I continued to keep an even effort, not draining my energy on the uphills. My pace ranged from 9:05-9:20 for most of the miles. My plan to negative split the second half didn’t pan out, but I tried to not lose any ground. Then at mile 11, on the way up another (final) hill, I dashed into a porta potty, and lost some time. I came out and walked for a few seconds up the hill, my heart rate was so high, and then I rallied my strength to finish. Only when I crossed the finish and stopped my Garmin, did I look at my total time – 2:06:42 (official). I’ll admit I was a little disappointed with my overall time, but I sat down near a tree with my water bottle to catch my breath and evaluate the race. My heart rate had been high for most of the race. I was tired. I was under a lot of stress with factors out of my control. It was my longest run since early November. It was humid. By looking at it this way, I actually felt pretty accomplished completing the race.

I headed to the chocolate milk tent to start my post race recovery. You can read all about the science here: https://builtwithchocolatemilk.com/science/workout-recovery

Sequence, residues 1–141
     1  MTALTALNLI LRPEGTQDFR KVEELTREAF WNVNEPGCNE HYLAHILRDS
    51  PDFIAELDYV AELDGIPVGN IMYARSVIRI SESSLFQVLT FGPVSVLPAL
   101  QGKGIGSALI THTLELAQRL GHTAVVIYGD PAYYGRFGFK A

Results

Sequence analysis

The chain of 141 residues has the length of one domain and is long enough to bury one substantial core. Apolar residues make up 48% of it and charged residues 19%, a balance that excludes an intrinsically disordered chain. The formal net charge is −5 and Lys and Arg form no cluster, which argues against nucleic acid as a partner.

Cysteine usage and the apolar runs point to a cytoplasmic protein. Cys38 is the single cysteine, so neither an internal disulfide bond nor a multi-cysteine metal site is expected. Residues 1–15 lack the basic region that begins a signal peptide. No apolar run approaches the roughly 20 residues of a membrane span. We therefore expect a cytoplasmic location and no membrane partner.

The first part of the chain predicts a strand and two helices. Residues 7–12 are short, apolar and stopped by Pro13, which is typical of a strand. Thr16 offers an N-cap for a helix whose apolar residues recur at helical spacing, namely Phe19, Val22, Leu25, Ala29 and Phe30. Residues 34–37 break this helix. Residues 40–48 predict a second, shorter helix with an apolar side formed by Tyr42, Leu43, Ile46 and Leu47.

Time to Recover!

 

It’s important to remember that I do this because I enjoy it. Not every race is going to be an outstanding time. Sometimes my body isn’t on board. But I enjoyed my trip, time spent with my friend, and running through San Antonio. I will celebrate my half marathon finish, and keep doing what I love. 🙂

Rock ‘n Roll San Diego Half Marathon

I got to take my first destination race trip earlier this month, to the Rock ‘n Roll San Diego Marathon. I was excited for the opportunity to represent Team Chocolate Milk, and the whole weekend was so much fun.

My running friend, Leda, and I took this trip together. We both needed a break from reality for a few days.

This was also my first flight in years! I haven’t been on a plane in so long (pre-9/11) but with kids, etc. it’s just been hard to get away. So my first introduction to TSA involved a full pat down (welcome back to air travel) and then we were ready to head out of Texas. The only issue we had was a short flight delay, but we arrived in San Diego to cloudy skies and cool temperatures. I’m glad I grabbed a light jacket at the last minute before leaving home!

Our hotel was great and let us check in three hours early! We then headed to the expo at the convention center on foot, stopping to eat a slice of pizza on the way.

Palm Trees!